His analysis on this podcast episode is delivered without fluff and with hope.

Which we all need more of these days.

Hope is the eraser for despair, and since this is our last episode in our 5th season, I want to thank you for listening, for commenting, and for your feedback.

This last episode acts as a “bookend” to our first episode of the season with Bathabile (who’s got her own podcast now, you should go listen to it) and serves as a way of moving forward past despair.

As usual, connect with John and John Zogby Strategies all the ways that you can by clicking on the links below:

John Zogby Strategies: http://johnzogbystrategies.com/

John Zogby Books: http://johnzogbystrategies.com/books/

John Zogby on Facebook: https://www.facebook.com/John-Zogby-327444807331559/

John Zogby on Twitter: https://twitter.com/TheJohnZogby

John Zogby on LinkedIn: https://www.linkedin.com/in/john-zogby-59928688/

[Podcast] Earbud_U, Season Five, Episode # 8 – John Zogby

By | Blog, Conflict, Conflict Communication, Conflict Engagement, Conflict Resolution, Culture, Earbud_U Podcast, Earbud_U!, Entrepreneurship, Leadership, Old Posts, Podcast Archives, Podcast Episode, Problem Solving, Relationships, Strategies, Strategy, Technology, The Future & The Singularity

Earbud_U, Season Five, Episode # 8 – John Zogby, Political Pollster, Strategist, Data Analyst, Trend Spotter, Author, Entrepreneur

It’s popular, trite, and somewhat cliché to say, when talking about the current social and political state of America, that “the things that unite us should be stronger than the things that divide us.”

But this an American conception of unity and solidarity that only began historically after the ugly mess of the Civil War in the 1860’s.

Today in America, we are divided by political lines, social lines, and even class lines, in as almost a pernicious way as we were in the decade leading up to the Civil War.

Now, I’m not an advocate for armed conflict—this is a peace building podcast, after all—but I am an advocate for analyses, understanding, strategy, and planning.

So that we can get out of the mess we currently find ourselves in.

Our guest today, John Zogby, is probably the most famous pollster that you’ve answered the phone for, but have never heard of.

Along with the Gallup Organization, and Nate Silver’s efforts over at FiveThirtyEight, Zogby has carved out a unique niche in American public life.

His analysis on this podcast episode is delivered without fluff and with hope.

Which we all need more of these days.

Hope is the eraser for despair, and since this is our last episode in our 5th season, I want to thank you for listening, for commenting, and for your feedback.

This last episode acts as a “bookend” to our first episode of the season with Bathabile (who’s got her own podcast now, you should go listen to it) and serves as a way of moving forward past despair.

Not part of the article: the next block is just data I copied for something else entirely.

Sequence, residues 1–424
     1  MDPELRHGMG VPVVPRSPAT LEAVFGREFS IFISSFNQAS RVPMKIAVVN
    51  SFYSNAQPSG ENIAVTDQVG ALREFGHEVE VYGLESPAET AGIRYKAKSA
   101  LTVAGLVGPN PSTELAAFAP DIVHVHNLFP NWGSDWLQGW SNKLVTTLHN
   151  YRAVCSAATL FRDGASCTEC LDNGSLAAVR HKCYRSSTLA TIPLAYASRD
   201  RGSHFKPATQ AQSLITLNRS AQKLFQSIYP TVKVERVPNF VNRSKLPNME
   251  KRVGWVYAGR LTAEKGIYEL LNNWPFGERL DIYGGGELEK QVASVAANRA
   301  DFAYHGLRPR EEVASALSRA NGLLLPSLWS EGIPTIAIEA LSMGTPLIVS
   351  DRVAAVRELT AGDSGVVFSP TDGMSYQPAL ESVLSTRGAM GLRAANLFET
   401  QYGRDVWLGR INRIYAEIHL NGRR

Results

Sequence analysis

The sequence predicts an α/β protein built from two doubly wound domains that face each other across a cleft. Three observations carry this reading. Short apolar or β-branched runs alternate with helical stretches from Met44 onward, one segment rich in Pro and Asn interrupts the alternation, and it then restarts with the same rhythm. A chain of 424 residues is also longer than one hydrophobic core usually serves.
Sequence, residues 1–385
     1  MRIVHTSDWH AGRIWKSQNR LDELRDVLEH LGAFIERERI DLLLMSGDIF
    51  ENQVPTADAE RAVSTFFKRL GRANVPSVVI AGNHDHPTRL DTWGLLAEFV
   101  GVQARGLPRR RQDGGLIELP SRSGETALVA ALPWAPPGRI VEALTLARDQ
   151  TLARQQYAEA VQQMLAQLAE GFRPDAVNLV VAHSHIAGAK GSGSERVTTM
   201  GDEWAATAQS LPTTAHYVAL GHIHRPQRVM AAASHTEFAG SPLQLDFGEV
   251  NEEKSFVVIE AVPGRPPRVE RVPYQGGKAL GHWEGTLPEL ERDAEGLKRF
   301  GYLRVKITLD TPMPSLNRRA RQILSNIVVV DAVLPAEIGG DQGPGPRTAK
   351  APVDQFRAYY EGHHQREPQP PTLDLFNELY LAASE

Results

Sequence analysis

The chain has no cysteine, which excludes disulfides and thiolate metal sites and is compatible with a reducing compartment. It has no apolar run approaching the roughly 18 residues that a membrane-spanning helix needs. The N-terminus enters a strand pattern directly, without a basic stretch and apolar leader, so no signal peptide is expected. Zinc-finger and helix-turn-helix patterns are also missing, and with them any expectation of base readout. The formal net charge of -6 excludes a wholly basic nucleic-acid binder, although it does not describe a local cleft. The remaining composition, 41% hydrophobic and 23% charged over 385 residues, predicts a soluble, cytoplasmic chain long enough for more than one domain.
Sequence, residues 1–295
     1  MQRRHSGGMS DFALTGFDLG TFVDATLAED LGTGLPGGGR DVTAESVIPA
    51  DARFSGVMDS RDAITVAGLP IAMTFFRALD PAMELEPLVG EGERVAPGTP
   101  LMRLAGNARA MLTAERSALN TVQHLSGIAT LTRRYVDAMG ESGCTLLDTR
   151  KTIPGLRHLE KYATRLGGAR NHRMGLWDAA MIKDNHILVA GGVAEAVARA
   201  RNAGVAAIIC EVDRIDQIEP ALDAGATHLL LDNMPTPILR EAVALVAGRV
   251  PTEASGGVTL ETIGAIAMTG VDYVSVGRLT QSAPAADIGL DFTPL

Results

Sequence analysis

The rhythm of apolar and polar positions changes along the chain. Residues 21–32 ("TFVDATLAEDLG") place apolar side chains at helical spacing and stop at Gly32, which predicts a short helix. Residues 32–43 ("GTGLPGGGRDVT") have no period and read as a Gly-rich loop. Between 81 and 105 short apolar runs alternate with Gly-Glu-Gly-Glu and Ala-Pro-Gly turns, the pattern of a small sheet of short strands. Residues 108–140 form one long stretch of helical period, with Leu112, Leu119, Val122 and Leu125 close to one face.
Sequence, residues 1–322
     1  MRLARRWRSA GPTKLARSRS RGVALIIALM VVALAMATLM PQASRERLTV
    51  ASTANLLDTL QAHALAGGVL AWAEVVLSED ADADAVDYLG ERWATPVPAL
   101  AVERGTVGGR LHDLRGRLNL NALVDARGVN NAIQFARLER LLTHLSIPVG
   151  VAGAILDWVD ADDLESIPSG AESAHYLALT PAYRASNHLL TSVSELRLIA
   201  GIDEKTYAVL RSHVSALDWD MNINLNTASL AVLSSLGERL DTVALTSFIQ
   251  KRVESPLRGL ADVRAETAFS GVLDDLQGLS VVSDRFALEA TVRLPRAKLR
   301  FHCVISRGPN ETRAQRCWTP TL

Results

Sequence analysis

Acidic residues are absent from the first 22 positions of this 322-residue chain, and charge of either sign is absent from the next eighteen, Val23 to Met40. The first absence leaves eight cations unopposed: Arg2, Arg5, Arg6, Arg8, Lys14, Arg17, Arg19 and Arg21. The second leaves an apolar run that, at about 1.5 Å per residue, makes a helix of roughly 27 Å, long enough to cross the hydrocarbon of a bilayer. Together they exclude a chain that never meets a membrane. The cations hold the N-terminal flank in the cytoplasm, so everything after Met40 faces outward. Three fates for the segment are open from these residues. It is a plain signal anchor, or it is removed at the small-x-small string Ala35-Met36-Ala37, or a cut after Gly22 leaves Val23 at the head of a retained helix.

As usual, connect with John and John Zogby Strategies all the ways that you can by clicking on the links below:

John Zogby Strategies: http://johnzogbystrategies.com/

John Zogby Books: http://johnzogbystrategies.com/books/

John Zogby on Facebook: https://www.facebook.com/John-Zogby-327444807331559/

John Zogby on Twitter: https://twitter.com/TheJohnZogby

John Zogby on LinkedIn: https://www.linkedin.com/in/john-zogby-59928688/

Laboring in Vain to Make Spectacle

By | Blog, Leadership, Media, New Posts, Opinions, Persuasion, Platform Building, Problem Solving, Social, Social Communication, Social Media, Storytelling, Strategies, Strategy, Technology, The Future & The Singularity, Website

Many people are laboring in vain online to create, distribute, and promote content that has all the actionable substance of milk designed for infants, rather than meat to be served to adults.

Long ago, symbolism and spectacle have come to replace action and substance. First with the TV-advertising complex that dominated much of the 20th century, and now with the ubiquity of social media use and through our mobile phones.

Content we create that should be focused on that which is concrete and actionable will not be found in our social media feeds.

Just as the television and mass advertising of old, our collectively new, spectacle driven environments, tend to encourage and reward the development of content designed to appeal to the interest of the masses, who have all the attention span of infants.

Or much less.

Adults—people with longer attention spans searching for the meat of substance–have now had their interests, attention spans, and content pushed to the edges of the content universe of the Internet.